However, it’s not as if this intervention is coming only at the hands of the West. The leaders of the resolution were very, very clear during its conception that Arab involvement was a must to keep it from becoming something that could be inferred to as a “crusade.” The UAE has contributed their own jets, with Qatar, Jordan, and Saudi Arabia also set to lend support. So it would be a mistake to consider this to be an only a Western intervention. Furthermore, the interim government currently set up in Benghazi has also approved the action. Although it should be obvious and appropriate that civilian deaths will be condemned across the board by all aspects of society.

Of course not everything about intervention is positive. The potential risks of meddling inside the region have been made apparent to the West over and over again as we face Iraq, Afghanistan, Iran and numerous other issues that were all, to a substantial degree, created due to our involvement. That is why it’s imperative that we watch closely and monitor the situation. Will they leave if the scales are tipped? Will they try to seek some kind of oil involvement? Establish a leader? Approve a leader? Do they support the opposition or are we supporting the best interests of civilians? Could the country fracture creating even more diplomatic nightmares? All of these things need to be carefully considered so that we have a clear picture as to what is going on. Furthermore, although I would hardly argue that the West had completely benevolent reasons for involving themselves, it is possible that the world can make sure they do not overstep their bounds.

Really the only thing that remains clear is that there is no perfect solution in any of this. If the U.S., Europe, and Middle East failed to act on behalf of Libyan civilians, there would be mass condemnation for letting a slaughter occur under our noses. If they do act, their interests in the region need to be called into questioned and monitored intensely. The world has turned against Gaddafi and he has nowhere left to run. No doubt, time is running out and his fate is sealed. But instead of obsessing on this man, the world ought to refocus on the possible future and what can be done after fighting ceases. The goals of the U.N. were clear and precise, and as long as we hold all parties to their agreements, this Libyan Revolution can end sooner rather than later. And so far, wanting to see an end to the bloodshed is about the only thing world leaders can agree on.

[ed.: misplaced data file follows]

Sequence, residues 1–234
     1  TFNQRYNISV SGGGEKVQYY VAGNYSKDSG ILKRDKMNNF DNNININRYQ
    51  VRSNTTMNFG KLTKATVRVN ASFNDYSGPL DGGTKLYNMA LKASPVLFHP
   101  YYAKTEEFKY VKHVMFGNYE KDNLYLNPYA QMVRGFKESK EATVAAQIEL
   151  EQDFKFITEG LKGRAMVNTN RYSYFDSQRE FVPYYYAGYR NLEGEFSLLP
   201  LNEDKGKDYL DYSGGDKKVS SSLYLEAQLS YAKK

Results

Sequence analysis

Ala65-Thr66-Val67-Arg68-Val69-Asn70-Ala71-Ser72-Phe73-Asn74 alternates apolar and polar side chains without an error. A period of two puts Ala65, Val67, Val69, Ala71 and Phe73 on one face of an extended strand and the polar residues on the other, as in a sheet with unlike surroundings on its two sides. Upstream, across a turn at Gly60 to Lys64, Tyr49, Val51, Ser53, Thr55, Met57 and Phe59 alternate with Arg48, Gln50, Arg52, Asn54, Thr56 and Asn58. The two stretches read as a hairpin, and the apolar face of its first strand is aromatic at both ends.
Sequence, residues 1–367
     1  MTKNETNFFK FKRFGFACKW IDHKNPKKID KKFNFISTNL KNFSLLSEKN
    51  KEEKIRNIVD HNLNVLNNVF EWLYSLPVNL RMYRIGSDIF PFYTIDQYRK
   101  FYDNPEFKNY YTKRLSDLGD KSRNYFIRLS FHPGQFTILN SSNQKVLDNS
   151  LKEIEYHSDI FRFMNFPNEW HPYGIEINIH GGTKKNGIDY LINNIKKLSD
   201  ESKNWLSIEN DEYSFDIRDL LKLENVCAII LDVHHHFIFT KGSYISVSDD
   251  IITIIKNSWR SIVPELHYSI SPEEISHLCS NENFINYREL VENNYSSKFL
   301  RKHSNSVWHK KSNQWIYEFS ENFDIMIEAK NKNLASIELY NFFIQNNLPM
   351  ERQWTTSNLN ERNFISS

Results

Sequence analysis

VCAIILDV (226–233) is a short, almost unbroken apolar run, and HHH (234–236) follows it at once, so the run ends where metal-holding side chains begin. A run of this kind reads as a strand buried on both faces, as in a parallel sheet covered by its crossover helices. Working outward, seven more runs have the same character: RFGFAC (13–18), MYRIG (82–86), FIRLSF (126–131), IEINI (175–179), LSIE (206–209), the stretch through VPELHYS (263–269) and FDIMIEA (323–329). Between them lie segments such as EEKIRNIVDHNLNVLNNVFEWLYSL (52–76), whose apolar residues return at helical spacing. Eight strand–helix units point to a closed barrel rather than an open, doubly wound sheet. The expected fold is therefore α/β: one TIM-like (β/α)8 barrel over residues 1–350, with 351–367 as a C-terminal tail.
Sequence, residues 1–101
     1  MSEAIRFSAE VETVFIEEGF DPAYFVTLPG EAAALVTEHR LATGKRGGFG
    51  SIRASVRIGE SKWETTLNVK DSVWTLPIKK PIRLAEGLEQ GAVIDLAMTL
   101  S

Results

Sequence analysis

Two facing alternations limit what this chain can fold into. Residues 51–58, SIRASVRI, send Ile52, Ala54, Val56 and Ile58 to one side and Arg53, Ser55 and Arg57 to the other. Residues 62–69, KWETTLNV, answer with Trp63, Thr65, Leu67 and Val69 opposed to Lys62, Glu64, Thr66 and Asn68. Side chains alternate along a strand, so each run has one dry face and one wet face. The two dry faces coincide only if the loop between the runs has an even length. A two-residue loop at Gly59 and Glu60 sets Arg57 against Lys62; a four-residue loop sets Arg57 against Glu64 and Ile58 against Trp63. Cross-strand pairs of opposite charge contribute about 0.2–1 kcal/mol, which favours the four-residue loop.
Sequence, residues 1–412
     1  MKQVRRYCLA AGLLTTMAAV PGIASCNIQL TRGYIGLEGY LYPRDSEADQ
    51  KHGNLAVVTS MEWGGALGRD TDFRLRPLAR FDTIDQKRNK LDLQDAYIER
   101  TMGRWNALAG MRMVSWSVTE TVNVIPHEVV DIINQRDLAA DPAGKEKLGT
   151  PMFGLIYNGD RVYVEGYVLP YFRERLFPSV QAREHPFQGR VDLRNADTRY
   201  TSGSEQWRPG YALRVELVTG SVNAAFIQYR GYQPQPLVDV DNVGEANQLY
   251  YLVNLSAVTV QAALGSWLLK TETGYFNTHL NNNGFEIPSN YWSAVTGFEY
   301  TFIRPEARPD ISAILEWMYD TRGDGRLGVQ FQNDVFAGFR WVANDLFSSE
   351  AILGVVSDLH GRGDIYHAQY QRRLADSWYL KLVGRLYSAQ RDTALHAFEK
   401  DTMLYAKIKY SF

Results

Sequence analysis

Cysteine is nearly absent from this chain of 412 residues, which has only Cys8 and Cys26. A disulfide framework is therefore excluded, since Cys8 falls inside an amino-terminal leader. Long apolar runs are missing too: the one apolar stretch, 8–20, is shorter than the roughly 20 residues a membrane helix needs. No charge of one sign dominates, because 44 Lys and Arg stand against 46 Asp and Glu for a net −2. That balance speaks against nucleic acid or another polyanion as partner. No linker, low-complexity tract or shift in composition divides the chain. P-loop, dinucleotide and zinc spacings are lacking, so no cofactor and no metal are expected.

By Olivia Marudan

Cad. Boondoggler. Swindler. Ass. Plagiarist. Hutcher. A movable feast in the subtle culinary art of shit talking.

2 replies on “Intervention in Libya”

The goals of the UN Security Council are always and only to maintain “international peace and security.” That is the extent of their mandate in the Charter. Of course, this is very broad when you think about what is required for peace and security. For the UNSC to authorize use of force in this situation, which is clearly a non-international armed conflict, has raised some eyebrows but seems to be accepted by the international community as legitimate.

The specific goal of the UN in this instance is to protect civilians from Qaddafi’s forces. Resolution 1973 (the one passed today) allows UN Member States to achieve this goal through no-fly zones, arms embargoes, a fly ban, extended travel sanctions against the Qaddafi family and a few government leaders, and the extended freezing of assets of the Qaddafi family. UN Member States are allowed to use “any means” (so including force) to accomplish these goals, but ONLY these goals. The resolution specifically intends to protect against “occupying” forces.

The resolutions (both 1973 and 1970) both allude to the Responsibility to Protect as their justification, which indicates that protection of human rights is also at the forefront of the UNSC’s interest. So rather than this being a straight humanitarian intervention (which would be to stop war crimes and enforce international humanitarian law during an international armed conflict), this is an intervention on the Responsibility to Protect principle (which applies to non-international armed conflicts as well). R2P indicates that the UNSC means to achieve the enforcement of human rights – not just the protection of civilians during wartime.

I hope that last part was clear. If you have any other questions, I’d be glad to try and answer them!